All in all, Brett is an interesting, charismatic face on the north end of Broadway. If you're interested in picking up a book, you can renew his faith in the Internet by picking one up at his online store, or you can drop by the Broadway News on a Friday and he'll show you what he's got available and hook you up with a signed copy. If you're not interested in his book, that's OK too, but don't be mean to him when you walk by. He's a nice guy.

Thursday, April 3, 2008

Sound Transit, Broadway Station


Today after work, we (and about 130 other people) headed over to SCCC to listen to Sound Transit talk about the upcoming Broadway Station. This meeting was there to tell the public about the design of the station, it's impact on the neighborhood, the landscaping and the art.

For the most part, the station entrances are glass, green walls (like the Capitol Hill Library) and masonry. Special attention has been paid to provide plenty of light and a clean look. They mentioned the spirit of the neighborhood a lot, but on the walk home, I didn't really see a lot of buildings with enormous windows letting in natural light or big glass walls. Maybe they know more about what's going to happen with the monster condo projects planned in between now and then.

They talked about the truck routes that will be taking away the debris from knocking down 2 blocks worth of buildings, and although efficient (going up Denny and coming back down Olive to the freeway), I'm not looking forward to crossing two lines of dump trucks in a hurry on my way to work. One question from the audience asked about putting in a stoplight crosswalk at Olive and Boylston, and the danger of that particular intersection. I cross that street pretty much every day, and I have to say, that's probably a good idea. I hate that intersection. It's dangerous. In fact, the route crosses two of the most dangerous intersections on the hill. It's going to be an adventure.

They talked a bit about trees, and I mostly blanked out. I don't know what kind of trees the architect was talking about, and it's pretty hard to tell with the artwork (and even worse with my pictures of the slides... sorry). We have lots of trees on the hill, and they're going to keep it that way. At one point, she mentioned that they're going to replace three trees they're knocking out of Cal Anderson with 6 additional trees. They're not knocking down the "important tree" at the entrance, which is good to know.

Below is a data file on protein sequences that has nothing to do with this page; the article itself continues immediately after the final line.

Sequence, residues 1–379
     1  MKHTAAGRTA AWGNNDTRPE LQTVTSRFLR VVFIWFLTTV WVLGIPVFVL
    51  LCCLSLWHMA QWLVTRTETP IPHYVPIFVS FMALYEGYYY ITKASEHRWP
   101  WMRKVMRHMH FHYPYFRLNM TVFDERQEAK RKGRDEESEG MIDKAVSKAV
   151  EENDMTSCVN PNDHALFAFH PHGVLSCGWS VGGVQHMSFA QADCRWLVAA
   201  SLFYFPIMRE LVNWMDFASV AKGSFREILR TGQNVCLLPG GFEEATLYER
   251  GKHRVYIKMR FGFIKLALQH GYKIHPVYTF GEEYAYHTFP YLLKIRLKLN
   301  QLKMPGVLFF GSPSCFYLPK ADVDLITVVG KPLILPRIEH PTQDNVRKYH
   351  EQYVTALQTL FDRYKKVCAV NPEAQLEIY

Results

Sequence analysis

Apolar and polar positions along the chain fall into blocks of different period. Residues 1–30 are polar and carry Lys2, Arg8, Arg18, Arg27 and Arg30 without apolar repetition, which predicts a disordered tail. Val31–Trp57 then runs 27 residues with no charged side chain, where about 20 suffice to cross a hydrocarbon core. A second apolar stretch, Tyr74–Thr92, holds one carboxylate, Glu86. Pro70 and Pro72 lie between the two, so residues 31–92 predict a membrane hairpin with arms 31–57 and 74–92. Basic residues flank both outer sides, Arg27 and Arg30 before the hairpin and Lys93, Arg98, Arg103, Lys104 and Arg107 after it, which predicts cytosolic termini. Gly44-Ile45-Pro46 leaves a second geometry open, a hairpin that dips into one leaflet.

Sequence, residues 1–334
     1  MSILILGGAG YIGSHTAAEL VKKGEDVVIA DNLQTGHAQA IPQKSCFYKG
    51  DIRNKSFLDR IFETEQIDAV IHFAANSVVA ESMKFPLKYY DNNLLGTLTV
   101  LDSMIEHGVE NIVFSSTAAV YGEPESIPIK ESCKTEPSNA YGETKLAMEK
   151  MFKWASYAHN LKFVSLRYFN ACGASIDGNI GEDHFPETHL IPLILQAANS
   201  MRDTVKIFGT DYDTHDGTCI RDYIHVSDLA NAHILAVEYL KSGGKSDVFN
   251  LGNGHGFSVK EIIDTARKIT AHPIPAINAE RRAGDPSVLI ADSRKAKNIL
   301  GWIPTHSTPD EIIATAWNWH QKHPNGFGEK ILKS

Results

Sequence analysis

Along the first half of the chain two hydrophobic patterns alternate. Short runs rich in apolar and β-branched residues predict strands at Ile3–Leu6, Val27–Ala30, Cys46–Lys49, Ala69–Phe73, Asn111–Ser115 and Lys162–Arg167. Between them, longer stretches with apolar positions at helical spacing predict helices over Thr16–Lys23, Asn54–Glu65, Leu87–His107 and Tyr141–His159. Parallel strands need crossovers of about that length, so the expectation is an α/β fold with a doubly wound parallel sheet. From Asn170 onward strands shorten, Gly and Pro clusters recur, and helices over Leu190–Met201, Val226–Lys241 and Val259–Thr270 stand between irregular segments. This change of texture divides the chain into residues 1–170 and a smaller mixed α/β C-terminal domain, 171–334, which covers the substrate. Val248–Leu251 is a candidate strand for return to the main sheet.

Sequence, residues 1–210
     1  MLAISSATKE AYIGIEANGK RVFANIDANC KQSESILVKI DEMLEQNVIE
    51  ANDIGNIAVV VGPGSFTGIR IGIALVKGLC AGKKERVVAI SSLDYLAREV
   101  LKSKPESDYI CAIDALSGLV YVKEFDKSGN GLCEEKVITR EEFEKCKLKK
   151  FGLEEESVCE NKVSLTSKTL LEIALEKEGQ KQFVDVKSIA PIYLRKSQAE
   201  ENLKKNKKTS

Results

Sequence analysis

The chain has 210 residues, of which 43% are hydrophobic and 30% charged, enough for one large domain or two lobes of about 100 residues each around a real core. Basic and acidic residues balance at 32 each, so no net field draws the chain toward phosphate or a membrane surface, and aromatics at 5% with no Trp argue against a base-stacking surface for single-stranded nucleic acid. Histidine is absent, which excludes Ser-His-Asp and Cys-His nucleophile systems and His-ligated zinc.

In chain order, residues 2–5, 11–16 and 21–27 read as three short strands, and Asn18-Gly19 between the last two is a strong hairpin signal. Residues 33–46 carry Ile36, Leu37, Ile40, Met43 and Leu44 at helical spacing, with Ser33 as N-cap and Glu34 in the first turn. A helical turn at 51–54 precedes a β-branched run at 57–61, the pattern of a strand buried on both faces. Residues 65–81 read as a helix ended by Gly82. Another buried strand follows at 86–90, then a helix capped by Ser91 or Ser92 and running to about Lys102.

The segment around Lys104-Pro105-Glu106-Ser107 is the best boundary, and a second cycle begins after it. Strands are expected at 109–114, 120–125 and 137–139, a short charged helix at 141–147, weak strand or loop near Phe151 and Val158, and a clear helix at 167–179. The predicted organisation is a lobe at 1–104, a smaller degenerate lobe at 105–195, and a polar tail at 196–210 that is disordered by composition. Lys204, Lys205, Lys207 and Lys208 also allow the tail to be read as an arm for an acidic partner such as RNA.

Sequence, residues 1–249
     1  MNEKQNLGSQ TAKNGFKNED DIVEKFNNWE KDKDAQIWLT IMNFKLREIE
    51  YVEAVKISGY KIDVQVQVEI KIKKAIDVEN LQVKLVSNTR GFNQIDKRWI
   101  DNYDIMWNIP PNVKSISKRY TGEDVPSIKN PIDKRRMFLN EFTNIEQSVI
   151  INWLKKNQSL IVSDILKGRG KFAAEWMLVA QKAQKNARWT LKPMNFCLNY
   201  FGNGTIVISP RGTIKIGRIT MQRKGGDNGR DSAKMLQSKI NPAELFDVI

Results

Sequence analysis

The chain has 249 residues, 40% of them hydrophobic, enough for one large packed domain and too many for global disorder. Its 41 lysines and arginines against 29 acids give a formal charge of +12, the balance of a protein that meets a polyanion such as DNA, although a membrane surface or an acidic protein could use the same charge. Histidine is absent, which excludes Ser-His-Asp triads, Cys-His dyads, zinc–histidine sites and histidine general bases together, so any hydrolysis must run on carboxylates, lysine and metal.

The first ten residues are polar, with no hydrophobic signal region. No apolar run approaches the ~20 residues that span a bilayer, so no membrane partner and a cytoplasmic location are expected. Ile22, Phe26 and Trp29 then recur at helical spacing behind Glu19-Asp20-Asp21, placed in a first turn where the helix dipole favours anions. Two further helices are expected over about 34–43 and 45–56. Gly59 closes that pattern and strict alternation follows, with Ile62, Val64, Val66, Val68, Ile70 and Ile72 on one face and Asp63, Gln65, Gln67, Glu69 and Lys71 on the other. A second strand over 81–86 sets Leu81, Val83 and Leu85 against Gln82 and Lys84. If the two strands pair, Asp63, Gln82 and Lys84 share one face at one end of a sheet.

What got a rise out of pretty much everyone was the art. Mike Ross, the artist who built Big Rig down at Burning Man this year sort of fumbled through his thought process, talking about how Seattleites (he's from Brooklyn) love nature, and how he googled "What I love about Seattle is" and got a lot of hits on rain. He talked about descending into the huge station, and how it was like coming through the clouds. Then he dropped the bomb. He's making his sculpture out of Fighter Jets. He'll be painting them pink and orange, cutting them up, and making natural shapes out of them. He had a picture of a Great Blue Heron (our cities official bird) , and although he said it'd be shaped something like that, I didn't walk away with a feeling that it would be a literal representation. I walked away with the knowledge that the largest and most expensive pieces of public art on Capitol Hill will be pink and orange weapons of war.

Here's my flickr set, which should have most of the slides, but the color is completely out of whack because of their projector. Awful really, but if you want the content, it's there.

Wednesday, April 2, 2008

everlasting puddles

everlasting puddles, originally uploaded by Matt Westervelt.

Have you ever noticed there are some spots on the hill that always have huge puddles? This one, on the corner of Belmont and Mercer is pretty scary to walk by. Cars love to hit it and watch the mud water mix spray all over the hydrant and pedestrians. It's a block from the stop sign, so they've generally got enough speed for it to hit that garage wall when it's big enough. There's another up on Boylston (north of Roy) that last I looked took up 6 parking spaces. We've started calling that one "Lake Boylston". It's been there for years, and although my neighbors told me calls to the city have gone unanswered, the tubes have informed me that just moaning about it probably wont do any good. I think I'm going to call the DOT and see what happens.

On a different, but related topic, there are a lot of potholes on the hill. I wonder if the Pothole Rangers really do fix things in 48 hours. There's one on Roy that has been pissing me off for years. Am I really going to be the first person to call about it?